I currently have my monitors sitting on foam but they are not at ear level. I am looking for ways to improve their positioning without spending a fortune on something like an IsoAcoustic stand.

I was wondering if using a computer monitor stand to raise them with the foam on top would work as a cheap solution? Something like this: http://www.amazon.co.uk/Compucessory-34-100mm-Stackable-W307xD337xH100m-CCS25305/dp/B000SHQD3S/ref=sr_1_6?ie=UTF8&qid=1366825301&sr=8-6&keywords=computer+monitor+stand

I am quite tight on space as i have my setup in a bedroom. Unfortunately, I cant use floor based stands and my monitors are also quite close to the wall behind them (10-15cm). Is the distance from the wall a larger problem?

What are the biggest concerns to worry about with placing my studio monitors and what kinds of cheap tricks can I use to get the best quality sound?

  • Out of all the rules on monitor placement, is there any that are more important than others? Cause seeing as the stands are quite expensive i am also considering getting a proper studio desk instead which will obviously raise the monitors and i understand this is probably one of the more important placement rules.
    – Olly
    Apr 24, 2013 at 18:29
  • The way your question was phrased was more like a shopping question. I have attempted to edit your question to focus more on what appeared to be your concern about how to best place your monitors without having to spend a lot.
    – AJ Henderson
    Apr 24, 2013 at 18:39
  • I would shy away from plastic stands. You want a speaker stand to be as rigid as humanly possible. I'd use a couple bricks before a plastic stand. (I can't tell for sure of course, but the picture of that riser didn't fill me with confidence :)
    – JoshP
    Apr 24, 2013 at 21:00

3 Answers 3


I'm more of a live audio guy than recording and tend to use in-ears for my monitoring, but my understanding of the idea behind isolation pads is to absorb the vibration of the speaker and/or the surface and prevent it from impacting the sound produced by the driver. Something like a computer monitor stand is going to be more worried about providing a hard, rigid surface which isn't going to have any dampening effect and may in fact cause less dampening.

As long as you have a good foam though, I'd think it should provide decent dampening. Personally, I wouldn't be too worried about the distance from the wall since you are in a bedroom to begin with. You're going to get reverberations off other things in the room if you don't have a room dedicated for the studio, so I don't think the reverberation off the wall is going to be huge. I've worked in actual studios where the monitors weren't much more than a foot from the wall. Again though, keep in mind I'm not a studio engineer, so this is somewhat theoretical guess work on my part.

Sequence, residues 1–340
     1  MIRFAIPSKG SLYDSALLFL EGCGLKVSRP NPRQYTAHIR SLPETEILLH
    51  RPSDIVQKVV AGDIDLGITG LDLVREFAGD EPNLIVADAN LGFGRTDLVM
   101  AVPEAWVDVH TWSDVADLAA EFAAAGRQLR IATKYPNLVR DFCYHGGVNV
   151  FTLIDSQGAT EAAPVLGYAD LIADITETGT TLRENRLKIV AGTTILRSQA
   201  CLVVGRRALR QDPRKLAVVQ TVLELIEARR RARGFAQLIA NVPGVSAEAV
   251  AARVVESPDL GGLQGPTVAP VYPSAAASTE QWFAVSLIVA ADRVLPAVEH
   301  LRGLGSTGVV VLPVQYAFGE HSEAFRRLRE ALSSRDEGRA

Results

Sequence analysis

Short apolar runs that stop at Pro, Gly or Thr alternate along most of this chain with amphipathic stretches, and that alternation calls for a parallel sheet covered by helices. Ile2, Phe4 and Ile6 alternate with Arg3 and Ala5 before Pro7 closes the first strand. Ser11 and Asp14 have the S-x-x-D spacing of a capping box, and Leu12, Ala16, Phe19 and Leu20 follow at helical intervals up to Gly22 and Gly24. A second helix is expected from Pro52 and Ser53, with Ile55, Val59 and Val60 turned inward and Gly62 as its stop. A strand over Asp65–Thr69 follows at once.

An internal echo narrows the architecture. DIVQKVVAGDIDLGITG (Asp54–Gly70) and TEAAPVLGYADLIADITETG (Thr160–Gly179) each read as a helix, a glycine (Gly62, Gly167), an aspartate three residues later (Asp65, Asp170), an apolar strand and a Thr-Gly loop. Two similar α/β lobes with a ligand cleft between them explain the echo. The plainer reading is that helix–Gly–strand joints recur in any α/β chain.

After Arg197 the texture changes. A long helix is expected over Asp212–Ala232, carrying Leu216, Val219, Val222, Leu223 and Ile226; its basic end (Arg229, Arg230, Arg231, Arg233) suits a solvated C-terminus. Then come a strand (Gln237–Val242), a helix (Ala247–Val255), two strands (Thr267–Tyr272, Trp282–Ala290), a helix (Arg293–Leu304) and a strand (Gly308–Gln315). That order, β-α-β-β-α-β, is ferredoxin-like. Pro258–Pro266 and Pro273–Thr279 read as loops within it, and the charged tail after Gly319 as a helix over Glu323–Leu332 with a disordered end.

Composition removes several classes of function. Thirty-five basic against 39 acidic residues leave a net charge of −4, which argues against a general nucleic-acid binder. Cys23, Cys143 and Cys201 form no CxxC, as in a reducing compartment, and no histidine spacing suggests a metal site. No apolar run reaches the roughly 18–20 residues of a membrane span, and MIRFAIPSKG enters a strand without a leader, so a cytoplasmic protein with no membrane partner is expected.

I would consider the most important "rule" of monitor placement to be the geometry. That is...

  • You should have an equilateral triangle made up of the two monitors and the listening position.
  • You should consider the tweeters to be the points from which you measure, as the higher frequencies are the most directional.

As an example, for my home theater, I have my Left and Rights sitting on floor stands that are a height, such that the tweeters are at ear level while I'm sitting on the couch.

At my computer (mixing) desk, the constraints of my desk (the height of the table) are such that I needed to lay the monitors sideways. When this is the case, it is better to have the tweeters on the outside, as you will get a wider stereo field.

Again, you want to do your best to keep the listening position at one of the points of the equilateral triangle.


I also found that the distance away from the wall behind should be as much as you can afford it to be. In a bedroom a few inches is all you may have, but try this, put on a very familiar piece of music and while seated where you will be working, move the speakers forward, and away. Part of engineering is the engineer's perception of the sound. Hope this helps!

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